6. Another Earth
Another Earth is an art-house film that was a Sundance triumph, and represents the worst sort of pretentious meandering drivel that often passes for deep. “What if there was a parallel Earth where maybe our alternate selves didn’t make the same mistakes?” Maybe you should learn better film-making skills and drop the philosophy 101 courses. It’s also a film that’s hit a lot of best of lists, but it’s painfully obvious narrative suggests that too often low and no budget films get passes for having ideas.
Body swap comedies were the fad in the late 80’s (meaning it spawned about four films), and so perhaps the genre was due for a re-imagining, but the end result feels slapped together, and makes you feel sorry for Jason Bateman, Ryan Reynolds, Leslie Mann and Olivia Wilde for appearing in such an empty and mean-spirited comedy. Throw in some over the top feces humor, and CGI nudity, you get one of the least enjoyable comedies in since Hall Pass. There’s nothing so unfunny as an unfunny comedy, and with such talented performers, it’s a travesty.
With such a talented cast, it’s impressive that Jon Favreau managed to lay such a goose egg. A non-western, Daniel Craig and Harrison Ford are wasted in what amounts to a chance for talented people to dress up like cowboys and waste money. The plot is terrible, but more offensively, there’s a good movie in there somewhere. This probably kills the chance for any reasonably budgeted western from the studios for the next three years. Thanks.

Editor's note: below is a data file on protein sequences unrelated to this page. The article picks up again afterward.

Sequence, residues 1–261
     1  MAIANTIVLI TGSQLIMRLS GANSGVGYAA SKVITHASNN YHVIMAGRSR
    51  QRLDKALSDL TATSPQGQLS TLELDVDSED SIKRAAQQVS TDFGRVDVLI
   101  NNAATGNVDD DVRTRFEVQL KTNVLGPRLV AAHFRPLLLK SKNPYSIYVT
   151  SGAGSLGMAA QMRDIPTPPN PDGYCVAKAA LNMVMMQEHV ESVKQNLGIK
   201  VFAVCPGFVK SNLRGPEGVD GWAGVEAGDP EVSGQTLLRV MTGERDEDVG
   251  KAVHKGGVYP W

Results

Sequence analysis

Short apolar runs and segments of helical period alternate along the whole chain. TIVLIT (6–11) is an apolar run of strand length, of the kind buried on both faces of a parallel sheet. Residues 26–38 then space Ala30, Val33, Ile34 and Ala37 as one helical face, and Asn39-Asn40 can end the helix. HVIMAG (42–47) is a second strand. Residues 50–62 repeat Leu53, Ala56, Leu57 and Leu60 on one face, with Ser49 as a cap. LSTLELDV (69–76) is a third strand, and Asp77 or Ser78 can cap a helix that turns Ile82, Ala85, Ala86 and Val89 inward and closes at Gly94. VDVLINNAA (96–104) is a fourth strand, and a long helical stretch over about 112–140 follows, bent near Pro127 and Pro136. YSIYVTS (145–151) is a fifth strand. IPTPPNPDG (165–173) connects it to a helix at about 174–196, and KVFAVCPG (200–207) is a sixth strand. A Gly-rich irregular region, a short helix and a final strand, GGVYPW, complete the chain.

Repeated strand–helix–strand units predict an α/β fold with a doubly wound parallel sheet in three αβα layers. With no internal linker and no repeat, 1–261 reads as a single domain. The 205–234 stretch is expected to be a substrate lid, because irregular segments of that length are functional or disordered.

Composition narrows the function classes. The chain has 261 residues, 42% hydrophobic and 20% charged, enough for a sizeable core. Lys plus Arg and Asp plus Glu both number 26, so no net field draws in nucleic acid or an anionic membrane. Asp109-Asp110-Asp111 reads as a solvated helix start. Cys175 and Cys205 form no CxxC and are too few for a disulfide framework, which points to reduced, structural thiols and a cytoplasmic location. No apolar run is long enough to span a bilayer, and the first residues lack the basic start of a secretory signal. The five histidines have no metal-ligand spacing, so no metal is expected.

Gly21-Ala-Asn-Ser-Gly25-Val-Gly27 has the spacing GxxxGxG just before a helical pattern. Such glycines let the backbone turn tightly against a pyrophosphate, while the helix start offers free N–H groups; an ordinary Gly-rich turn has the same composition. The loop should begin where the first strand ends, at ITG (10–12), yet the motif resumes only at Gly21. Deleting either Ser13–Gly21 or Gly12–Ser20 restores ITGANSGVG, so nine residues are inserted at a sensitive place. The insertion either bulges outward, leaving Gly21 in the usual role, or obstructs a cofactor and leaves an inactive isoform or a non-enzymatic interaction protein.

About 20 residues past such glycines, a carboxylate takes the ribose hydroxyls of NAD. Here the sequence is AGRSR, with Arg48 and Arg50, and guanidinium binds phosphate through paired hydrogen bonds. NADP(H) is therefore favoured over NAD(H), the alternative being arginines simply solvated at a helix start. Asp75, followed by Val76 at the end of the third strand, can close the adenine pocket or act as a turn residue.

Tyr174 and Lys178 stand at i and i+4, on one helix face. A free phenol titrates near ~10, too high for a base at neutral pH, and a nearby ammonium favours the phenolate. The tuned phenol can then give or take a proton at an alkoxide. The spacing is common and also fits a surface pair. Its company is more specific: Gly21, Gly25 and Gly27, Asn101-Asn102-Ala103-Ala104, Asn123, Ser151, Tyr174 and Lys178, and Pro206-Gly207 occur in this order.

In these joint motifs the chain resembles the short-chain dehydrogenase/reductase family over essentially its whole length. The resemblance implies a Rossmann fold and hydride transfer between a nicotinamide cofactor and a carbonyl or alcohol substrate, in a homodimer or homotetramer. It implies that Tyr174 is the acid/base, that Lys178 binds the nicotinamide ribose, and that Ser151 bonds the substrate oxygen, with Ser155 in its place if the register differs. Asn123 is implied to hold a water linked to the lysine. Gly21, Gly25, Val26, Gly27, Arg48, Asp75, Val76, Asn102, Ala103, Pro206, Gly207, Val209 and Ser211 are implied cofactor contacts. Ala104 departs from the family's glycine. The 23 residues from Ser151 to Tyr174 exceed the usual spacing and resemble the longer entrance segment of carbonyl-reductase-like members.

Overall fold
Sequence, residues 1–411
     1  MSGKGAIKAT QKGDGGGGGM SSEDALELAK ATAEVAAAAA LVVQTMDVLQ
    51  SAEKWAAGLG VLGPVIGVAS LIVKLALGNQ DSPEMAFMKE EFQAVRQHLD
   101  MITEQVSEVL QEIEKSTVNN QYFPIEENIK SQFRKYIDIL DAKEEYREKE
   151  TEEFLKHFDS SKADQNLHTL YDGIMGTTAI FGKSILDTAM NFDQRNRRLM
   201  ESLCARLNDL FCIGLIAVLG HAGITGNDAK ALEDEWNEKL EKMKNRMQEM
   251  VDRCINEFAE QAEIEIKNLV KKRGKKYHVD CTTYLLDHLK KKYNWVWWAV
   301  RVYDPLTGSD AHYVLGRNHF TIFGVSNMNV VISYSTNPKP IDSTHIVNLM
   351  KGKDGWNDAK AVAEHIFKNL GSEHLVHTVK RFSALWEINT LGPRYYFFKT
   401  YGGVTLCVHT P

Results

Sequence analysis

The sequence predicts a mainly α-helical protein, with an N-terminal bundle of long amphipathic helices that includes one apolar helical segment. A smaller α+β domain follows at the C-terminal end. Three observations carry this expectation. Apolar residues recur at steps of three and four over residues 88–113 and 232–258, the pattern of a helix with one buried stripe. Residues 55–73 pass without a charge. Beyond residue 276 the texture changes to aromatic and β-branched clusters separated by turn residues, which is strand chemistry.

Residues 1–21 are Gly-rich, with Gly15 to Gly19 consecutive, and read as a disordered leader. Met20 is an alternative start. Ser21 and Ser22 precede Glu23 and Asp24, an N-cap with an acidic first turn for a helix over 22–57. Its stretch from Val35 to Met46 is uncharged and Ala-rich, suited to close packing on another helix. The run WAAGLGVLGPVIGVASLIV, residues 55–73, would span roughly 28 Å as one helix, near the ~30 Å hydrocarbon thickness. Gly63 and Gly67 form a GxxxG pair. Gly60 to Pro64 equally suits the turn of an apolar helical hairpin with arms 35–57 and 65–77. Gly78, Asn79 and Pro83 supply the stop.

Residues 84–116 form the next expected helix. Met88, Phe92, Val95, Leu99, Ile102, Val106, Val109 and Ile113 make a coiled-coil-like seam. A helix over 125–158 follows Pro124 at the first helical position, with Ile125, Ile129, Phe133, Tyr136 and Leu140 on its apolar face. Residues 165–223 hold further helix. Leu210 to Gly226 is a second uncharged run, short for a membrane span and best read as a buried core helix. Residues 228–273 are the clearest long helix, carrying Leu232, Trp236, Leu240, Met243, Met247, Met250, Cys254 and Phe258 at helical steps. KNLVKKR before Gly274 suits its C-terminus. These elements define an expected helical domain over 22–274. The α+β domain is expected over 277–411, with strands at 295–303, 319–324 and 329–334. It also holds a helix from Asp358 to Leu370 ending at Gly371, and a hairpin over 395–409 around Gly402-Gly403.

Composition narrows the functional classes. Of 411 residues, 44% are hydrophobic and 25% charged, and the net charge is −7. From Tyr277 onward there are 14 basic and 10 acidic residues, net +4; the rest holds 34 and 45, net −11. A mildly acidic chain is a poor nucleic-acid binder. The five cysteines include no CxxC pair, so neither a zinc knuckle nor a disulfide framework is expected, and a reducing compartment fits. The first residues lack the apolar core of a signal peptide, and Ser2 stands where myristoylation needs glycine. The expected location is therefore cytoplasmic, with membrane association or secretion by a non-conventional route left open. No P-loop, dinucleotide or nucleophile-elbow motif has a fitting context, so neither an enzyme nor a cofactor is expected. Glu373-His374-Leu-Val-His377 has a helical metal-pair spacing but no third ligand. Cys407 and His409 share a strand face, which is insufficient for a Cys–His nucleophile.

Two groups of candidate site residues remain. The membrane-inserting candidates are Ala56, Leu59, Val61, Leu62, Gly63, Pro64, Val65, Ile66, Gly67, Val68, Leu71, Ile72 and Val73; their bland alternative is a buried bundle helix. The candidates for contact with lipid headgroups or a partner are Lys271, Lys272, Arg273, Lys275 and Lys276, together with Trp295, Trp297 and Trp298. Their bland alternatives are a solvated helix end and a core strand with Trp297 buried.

Though 2010 took the cake for terrible 3-D post conversions (last minute jobs like The Last Airbender and Clash of the Titans), we still saw many of the summer’s biggest films in 3-D for little reason other than a ticket price bump. There’s nothing wrong with the format per se, but after a year of bad 3-D in such films as Thor, Fright Night, Conan the Barbarian, Pirates 4, the Greens (Hornet and Lantern) it’s something that needs to be done by people who are paying attention (like Martin Scorsese or – god help us – Michael Bay), and not slapped on to increase ticket sales. As we’ve seen, it often doesn’t help.
2. J. Edgar
With the recent SAG nominations it’s quite possible that J. Edgar will be an awards contender, even though the film died at the box office. There may be a critical divide on this film, as some have noted those over 40 seem to enjoy the film more. But if we are to accept the argument that Clint Eastwood is a truly great director (and the man has made at least two masterpieces), then this Wikipedia page summary of J. Edgar Hoover’s life and times deserves to be lambasted as a terrible work. Bad old age make-up aside, the film never feels like it has a spine so much a collection of J. Edgar’s greatest hits assembled in a way where sum is much less than the parts. Naomi Watts, Leonardo DiCaprio and Armie Hammer waste themselves in a film that seems to have been made simply as Oscar bait.
One of the laziest and least imaginatively staged blockbusters of all time, On Stranger Tides is half baked every step of the way, from its nonsensical plotting to barely awake performances from Johnny Depp. Directed – terribly at that – by Rob Marshall, it was the least successful of the series domestically, and yet crossed a billion dollars worldwide. Which means we’re getting more. What makes this the worst movie of the year is that everyone involved knew they could half-ass it and still make money. And there is nothing so offensive as successful people making crap simply because they know they can get away with it.
What did you like the least about the past year in film?